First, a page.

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dc.contributor.authorGouws, Marizanne Michele
dc.date.accessioned2012-07-23T10:09:02Z
dc.date.available2012-07-23T10:09:02Z
dc.date.issued2012
dc.identifier.urihttp://hdl.handle.net/10394/6861
dc.descriptionThesis (M.Ing. (Nuclear Engineering))--North-West University, Potchefstroom Campus, 2012.
dc.description.abstractDue to the constantly growing environmental concerns about global warming, there is immense pressure on the coal-to-liquids (CTL) industry to lower carbon dioxide emissions. This study evaluates the cogeneration of electricity and process steam, using coal and nuclear heat obtained from a High Temperature Gas Cooled Reactor (HTGR) such as a Pebble Bed Modular Reactor (PBMR), for the use in a CTL plant. Three different cogeneration processes were investigated to resolve what influence nuclear cogenerated electricity and process steam would have on the carbon dioxide emissions and the unit production cost of electricity and process steam. The first process investigated utilises coal as combustion medium and an extraction/condensing steam turbine, together with the thermodynamic Rankine cycle, for the cogeneration of electricity and process steam. This process was used as a basis of comparison for the nuclearbased cogeneration processes. The second process investigated utilises nuclear heat generated by a HTGR and the same power conversion system as the coal-based cogeneration system. Utilising a HTGR as a heat source can decrease the carbon dioxide emissions to approximately zero, with a 91.6% increase in electricity production cost. The last process investigated is the nuclear-based closed cycle gas turbine system where a gas turbine and Brayton cycle is coupled with a HTGR for the cogeneration of electricity and process steam. It was found on technical grounds that this process would not be viable for the cogeneration of electricity and process steam. The unit production cost of electricity and process steam generated by each process were determined through an economic analysis performed on each process. Overall it was found that the CTL industry could benefit a great deal from utilising nuclear heat as a heat source.en_US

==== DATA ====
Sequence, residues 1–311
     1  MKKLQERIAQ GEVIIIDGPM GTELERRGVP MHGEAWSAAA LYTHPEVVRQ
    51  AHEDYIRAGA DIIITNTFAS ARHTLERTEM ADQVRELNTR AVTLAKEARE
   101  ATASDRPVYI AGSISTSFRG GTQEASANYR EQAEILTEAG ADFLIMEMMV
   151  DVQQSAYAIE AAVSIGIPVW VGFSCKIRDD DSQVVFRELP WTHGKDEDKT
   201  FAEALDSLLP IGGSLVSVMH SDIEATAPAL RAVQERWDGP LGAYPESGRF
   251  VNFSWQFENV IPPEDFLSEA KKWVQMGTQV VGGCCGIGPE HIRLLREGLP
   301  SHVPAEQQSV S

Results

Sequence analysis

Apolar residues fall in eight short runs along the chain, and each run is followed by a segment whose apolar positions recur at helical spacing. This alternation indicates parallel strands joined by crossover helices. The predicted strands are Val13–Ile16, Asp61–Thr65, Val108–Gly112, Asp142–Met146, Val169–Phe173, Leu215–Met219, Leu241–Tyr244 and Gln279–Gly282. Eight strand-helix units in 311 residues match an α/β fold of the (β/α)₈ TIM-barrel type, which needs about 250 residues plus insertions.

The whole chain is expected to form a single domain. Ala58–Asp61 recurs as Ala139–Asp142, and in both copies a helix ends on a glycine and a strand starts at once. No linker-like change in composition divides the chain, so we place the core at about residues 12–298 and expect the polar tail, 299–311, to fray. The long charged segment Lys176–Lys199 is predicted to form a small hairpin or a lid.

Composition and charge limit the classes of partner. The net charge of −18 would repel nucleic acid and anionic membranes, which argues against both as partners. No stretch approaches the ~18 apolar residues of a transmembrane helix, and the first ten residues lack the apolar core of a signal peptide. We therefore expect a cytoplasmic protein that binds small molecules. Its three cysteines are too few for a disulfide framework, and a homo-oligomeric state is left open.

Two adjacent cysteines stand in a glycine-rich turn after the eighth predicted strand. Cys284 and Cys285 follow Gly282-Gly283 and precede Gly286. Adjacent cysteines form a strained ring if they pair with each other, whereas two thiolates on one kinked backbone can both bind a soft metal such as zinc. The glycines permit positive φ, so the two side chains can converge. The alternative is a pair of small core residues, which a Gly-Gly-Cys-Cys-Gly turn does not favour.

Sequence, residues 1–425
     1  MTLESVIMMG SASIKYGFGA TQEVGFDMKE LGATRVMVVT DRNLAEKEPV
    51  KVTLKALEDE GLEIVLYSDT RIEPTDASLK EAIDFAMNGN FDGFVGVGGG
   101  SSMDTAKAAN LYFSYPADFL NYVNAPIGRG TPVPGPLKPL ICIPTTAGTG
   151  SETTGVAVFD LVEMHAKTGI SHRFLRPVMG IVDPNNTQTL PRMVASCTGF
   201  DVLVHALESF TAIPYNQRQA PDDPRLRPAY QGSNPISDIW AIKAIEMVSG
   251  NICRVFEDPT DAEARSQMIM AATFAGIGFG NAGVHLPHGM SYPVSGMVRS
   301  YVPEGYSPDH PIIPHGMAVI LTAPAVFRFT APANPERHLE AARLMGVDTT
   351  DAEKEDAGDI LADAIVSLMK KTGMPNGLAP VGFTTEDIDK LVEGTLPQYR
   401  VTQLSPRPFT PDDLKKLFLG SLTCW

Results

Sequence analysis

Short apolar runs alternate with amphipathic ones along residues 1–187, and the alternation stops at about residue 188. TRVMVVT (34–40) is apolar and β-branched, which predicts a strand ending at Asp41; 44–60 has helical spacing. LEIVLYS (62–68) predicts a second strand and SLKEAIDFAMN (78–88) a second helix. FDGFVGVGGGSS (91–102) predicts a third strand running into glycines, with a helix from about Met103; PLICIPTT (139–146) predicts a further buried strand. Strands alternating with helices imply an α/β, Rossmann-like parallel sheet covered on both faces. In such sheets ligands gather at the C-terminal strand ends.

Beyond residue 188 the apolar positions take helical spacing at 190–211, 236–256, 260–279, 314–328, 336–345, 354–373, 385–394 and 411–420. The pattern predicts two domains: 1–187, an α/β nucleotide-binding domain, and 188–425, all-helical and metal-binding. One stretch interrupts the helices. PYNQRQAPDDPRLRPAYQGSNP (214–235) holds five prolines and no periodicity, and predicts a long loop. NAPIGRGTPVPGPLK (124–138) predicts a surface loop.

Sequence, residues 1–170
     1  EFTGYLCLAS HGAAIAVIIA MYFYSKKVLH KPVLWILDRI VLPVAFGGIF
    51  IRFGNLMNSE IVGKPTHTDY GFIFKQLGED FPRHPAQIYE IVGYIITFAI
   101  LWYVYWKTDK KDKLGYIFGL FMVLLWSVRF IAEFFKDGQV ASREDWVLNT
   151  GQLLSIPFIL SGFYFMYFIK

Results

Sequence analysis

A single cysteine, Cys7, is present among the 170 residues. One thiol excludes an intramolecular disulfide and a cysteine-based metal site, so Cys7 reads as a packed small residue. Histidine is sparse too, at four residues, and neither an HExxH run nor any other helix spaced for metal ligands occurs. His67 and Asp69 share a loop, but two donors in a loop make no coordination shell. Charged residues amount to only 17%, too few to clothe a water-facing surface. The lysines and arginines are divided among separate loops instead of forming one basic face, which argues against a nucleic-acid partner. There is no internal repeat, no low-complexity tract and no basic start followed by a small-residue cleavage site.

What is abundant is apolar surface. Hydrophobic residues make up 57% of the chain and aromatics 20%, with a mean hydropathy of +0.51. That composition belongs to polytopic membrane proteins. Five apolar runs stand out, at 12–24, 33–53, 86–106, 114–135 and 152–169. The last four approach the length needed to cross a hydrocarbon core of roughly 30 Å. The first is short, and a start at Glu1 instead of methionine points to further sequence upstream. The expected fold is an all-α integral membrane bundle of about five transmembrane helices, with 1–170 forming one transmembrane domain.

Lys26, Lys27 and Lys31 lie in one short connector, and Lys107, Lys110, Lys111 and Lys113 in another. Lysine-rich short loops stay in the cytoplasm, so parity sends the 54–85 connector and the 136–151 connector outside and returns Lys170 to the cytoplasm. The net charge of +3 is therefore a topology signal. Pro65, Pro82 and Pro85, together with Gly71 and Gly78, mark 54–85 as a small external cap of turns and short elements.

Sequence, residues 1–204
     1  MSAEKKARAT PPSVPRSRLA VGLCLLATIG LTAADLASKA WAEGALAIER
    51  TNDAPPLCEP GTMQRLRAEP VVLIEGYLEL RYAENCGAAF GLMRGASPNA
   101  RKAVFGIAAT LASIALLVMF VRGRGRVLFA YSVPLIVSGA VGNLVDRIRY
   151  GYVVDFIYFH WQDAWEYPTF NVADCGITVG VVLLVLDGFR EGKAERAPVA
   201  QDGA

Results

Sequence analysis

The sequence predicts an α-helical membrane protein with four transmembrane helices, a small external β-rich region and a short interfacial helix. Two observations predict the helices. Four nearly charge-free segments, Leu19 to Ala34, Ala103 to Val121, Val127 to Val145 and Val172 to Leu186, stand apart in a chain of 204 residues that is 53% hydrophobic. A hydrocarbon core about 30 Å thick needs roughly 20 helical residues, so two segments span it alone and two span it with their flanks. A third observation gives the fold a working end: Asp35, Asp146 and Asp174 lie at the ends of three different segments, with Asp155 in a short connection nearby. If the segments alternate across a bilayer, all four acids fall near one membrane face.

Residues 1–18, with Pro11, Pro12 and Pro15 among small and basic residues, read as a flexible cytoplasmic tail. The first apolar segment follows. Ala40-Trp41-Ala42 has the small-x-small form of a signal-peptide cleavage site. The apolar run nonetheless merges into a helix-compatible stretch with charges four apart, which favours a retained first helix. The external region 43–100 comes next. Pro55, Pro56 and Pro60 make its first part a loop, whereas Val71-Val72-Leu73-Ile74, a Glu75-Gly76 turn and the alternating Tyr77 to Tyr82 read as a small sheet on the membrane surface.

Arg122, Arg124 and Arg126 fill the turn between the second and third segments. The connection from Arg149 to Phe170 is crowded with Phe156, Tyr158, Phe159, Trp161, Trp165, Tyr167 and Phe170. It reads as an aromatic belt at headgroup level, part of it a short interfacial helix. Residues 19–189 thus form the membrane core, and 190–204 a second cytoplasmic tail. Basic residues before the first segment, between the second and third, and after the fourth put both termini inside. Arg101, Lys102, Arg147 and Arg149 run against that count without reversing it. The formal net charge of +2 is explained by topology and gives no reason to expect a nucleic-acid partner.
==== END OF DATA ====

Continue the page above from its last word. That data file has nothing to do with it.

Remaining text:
dc.publisherNorth-West University
dc.subjectCogenerationen_US
dc.subjectPBMRen_US
dc.subjectCTL planten_US
dc.subjectProcess steamen_US
dc.subjectElectricityen_US
dc.subjectGesamentlike opwekkingen_US
dc.subjectProses stoomen_US
dc.subjectSteenkool-tot-vloeistofen_US
dc.subjectElektrisiteiten_US
dc.titleEvaluation of the reduction of CO2 emissions from a coal–to–liquids utilities plant by incorporating PBMR energyen
dc.typeThesisen_US
dc.description.thesistypeMastersen_US


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    This collection contains the original digitized versions of research conducted at the North-West University (Potchefstroom Campus)

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